Russian FSB guard attacked U.S. diplomat outside Moscow embassy

In 2013, U.S. diplomat Ryan C. Fogel was briefly detained by the Russian security services and then ordered to leave the country . (Handout/Reuters)


In the early morning of June 6, a uniformed Russian Federal Security Service (FSB) guard stationed outside the U.S. Embassy in Moscow attacked and beat up a U.S. diplomat who was trying to enter the compound, according to four U.S. officials who were briefed on the incident.

This previously unreported attack occurred just steps from the entrance to the U.S. Embassy complex, which is located in the Presnensky District in Moscow’s city center. After being tackled by the FSB guard, the diplomat suffered a broken shoulder, among other injuries. He was eventually able to enter the embassy and was then flown out of Russia to receive urgent medical attention, administration officials confirmed to me. He remains outside of Russia.

The attack caused a diplomatic episode behind the scenes that has not surfaced until now. The State Department in Washington called in Russian Ambassador Sergey I. Kislyak to complain about the incident, an administration official said.

The motive for the attack remains unclear. One U.S. official told me that the diplomat was seeking refuge in the embassy complex to avoid being detained by the Russian intelligence services. A different U.S. official told me the diplomat may have been working as a spy in Russia under what’s known as “diplomatic cover,” which means he was pretending to be a State Department employee.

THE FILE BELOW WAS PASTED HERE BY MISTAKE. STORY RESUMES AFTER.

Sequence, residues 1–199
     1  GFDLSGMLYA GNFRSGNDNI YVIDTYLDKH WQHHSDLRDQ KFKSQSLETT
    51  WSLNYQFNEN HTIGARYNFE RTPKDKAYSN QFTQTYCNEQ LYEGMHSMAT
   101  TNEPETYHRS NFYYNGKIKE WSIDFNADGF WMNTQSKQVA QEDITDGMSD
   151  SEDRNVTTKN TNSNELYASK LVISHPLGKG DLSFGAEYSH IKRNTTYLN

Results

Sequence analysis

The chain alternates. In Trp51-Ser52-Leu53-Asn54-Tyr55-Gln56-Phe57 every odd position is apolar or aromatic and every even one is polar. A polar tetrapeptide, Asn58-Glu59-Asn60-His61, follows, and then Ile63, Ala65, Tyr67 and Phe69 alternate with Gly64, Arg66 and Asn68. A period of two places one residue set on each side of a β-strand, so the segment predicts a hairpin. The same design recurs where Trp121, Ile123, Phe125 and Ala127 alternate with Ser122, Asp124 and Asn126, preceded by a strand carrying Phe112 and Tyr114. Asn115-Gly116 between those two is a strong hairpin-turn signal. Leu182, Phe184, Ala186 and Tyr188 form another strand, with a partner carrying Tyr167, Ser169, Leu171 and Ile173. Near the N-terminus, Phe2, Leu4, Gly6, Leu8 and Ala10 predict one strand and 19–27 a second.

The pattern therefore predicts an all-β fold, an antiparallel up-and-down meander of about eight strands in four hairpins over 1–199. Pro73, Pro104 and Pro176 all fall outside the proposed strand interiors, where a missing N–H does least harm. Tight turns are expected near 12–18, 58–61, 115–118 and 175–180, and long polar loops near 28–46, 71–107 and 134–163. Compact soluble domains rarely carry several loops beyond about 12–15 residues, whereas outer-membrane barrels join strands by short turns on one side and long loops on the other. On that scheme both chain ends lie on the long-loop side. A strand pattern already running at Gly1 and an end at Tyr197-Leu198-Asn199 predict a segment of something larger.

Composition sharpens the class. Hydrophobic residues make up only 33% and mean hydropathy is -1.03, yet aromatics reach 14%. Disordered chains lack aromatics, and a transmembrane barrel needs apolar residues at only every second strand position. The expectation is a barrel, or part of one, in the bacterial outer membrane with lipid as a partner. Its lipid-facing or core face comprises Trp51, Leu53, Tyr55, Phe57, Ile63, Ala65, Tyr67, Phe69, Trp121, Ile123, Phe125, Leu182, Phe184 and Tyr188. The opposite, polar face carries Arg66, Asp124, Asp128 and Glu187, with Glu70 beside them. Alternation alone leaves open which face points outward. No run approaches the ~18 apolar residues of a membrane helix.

Spokesmen for the both the State Department and the CIA declined to comment on the incident or whether or not the diplomat was in fact an undercover U.S. spy.

In 2013, Russian intelligence services arrested U.S. diplomat Ryan C. Fogle, whom they accused of secretly working for the CIA. Fogle, who was working as a third secretary in the political section of the U.S. Embassy in Moscow, was arrested carrying various disguises and other tools of spycraft. Russia accused him of trying to recruit Russian intelligence officers.

As I reported this week, Russian harassment of U.S. diplomats in Russia and several other European countries has increased significantly since U.S. sanctions were levied on Russian officials and President Vladi­mir Putin’s associates in 2014.

On Tuesday, the Russian foreign ministry’s spokeswoman, Maria Zakharova, responded directly to my column at a press conference and on Twitter and accused the U.S. government of deliberately undermining bilateral ties.

Full article: Russian FSB guard attacked U.S. diplomat outside Moscow embassy (The Washington Post)

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